The Globe reports that paid digital-only circulation has hit 226,000

Photo (cc) 2011 by libertyandvigilance

Every time I open a window, in floats another end-of-the-year memo from a Boston Globe Media executive. This one is from Tom Brown, vice president for consumer revenue, who reports that the Globe’s digital-only subscriptions now stand at 226,000 — a remarkable accomplishment given that the Globe was at just 95,000 in mid-2019.

For those of you who keep telling me that the Globe is going to drop its print edition, let me call your attention to this observation by Brown: “The print paper remains at the core of what we do and at 55% of consumer revenue, the largest component of revenue.”

That’s true even though print circulation according to the most recent report filed with the Alliance for Audited Media was just 128,000 on Sundays and about 73,000 on weekdays. The Globe, like other newspapers, will shut down its printing presses once costs exceed revenues — but not a moment before.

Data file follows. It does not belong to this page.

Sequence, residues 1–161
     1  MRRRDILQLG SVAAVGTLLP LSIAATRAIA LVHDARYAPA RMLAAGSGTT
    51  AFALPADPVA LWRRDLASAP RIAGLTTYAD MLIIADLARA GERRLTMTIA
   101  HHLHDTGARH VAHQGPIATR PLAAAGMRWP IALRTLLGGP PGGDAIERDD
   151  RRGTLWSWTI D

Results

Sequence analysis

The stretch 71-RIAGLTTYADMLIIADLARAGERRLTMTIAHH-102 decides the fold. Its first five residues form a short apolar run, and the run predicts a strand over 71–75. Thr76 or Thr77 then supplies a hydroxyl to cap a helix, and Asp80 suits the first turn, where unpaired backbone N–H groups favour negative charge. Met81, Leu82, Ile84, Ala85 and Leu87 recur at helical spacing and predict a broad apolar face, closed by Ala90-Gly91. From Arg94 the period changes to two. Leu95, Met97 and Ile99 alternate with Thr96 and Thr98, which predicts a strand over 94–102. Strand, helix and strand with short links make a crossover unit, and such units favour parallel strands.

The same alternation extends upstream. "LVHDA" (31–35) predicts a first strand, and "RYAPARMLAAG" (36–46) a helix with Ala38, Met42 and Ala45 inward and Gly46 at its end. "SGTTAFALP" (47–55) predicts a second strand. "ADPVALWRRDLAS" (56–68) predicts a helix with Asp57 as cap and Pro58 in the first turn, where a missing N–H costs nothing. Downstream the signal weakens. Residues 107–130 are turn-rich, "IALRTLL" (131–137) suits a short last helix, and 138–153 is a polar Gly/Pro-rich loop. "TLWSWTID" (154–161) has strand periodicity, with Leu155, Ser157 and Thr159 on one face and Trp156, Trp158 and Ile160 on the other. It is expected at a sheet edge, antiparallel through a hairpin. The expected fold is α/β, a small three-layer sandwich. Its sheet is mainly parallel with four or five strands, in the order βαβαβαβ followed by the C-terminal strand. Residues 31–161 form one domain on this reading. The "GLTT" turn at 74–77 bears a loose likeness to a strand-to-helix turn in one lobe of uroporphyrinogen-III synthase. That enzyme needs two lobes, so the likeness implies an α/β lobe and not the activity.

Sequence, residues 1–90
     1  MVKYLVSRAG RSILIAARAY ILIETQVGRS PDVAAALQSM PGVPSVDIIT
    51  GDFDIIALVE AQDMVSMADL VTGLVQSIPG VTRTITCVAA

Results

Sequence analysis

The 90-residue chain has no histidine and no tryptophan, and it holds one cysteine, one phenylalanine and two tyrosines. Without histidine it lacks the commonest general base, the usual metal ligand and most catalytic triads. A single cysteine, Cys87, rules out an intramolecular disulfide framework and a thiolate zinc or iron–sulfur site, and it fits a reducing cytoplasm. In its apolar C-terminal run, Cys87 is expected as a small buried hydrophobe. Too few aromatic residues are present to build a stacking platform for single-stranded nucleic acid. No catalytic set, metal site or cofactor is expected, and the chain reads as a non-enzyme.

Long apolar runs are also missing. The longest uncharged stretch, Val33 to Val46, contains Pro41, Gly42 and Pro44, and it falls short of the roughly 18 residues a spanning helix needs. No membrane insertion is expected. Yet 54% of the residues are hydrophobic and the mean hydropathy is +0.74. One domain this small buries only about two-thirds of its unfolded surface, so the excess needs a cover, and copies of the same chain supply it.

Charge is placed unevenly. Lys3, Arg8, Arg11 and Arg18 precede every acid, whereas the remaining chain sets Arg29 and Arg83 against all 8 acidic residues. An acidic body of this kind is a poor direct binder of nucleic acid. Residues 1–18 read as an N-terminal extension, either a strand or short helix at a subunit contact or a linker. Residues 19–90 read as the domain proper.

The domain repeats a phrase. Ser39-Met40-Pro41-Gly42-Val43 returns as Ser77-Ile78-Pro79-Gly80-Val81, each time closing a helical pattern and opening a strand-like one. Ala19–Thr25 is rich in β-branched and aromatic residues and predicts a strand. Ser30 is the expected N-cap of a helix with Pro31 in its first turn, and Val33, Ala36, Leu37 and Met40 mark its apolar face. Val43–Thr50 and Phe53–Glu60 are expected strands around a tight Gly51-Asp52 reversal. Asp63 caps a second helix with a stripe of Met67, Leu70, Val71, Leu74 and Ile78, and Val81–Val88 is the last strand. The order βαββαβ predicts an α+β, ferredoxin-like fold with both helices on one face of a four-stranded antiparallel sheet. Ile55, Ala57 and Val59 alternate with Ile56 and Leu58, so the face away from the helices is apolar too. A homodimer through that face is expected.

Also, I thought it was interesting that the Globe’s paid digital circulation kept rising this year even as overall traffic shrank following the end of the Trump era. (It’s over, right? Please tell me it’s over.)

“We had a strong start in 2021, but in the post-election/post-inauguration spring news audiences around the country began to wane,” Brown wrote. “We saw about a 25% decline in our non-subscriber audience during this period — something that was widely seen throughout the industry, yet our overall subscriber numbers grew modestly.”

The full text of Brown’s memo follows.

Dear Colleagues,

The past two and a half years have been a period of exceptional subscriber growth at the Globe. In mid-2019, we were thrilled to have the leading digital subscription business among major metros with 95,000 digital-only subscribers. From the launch of Globe.com in the fall of 2011, it took us over 7 years to get to that number of digital-only subs. It took less than a year to more than double that number as we continued to refine, invest, and innovate to develop the sophisticated approach that we have today.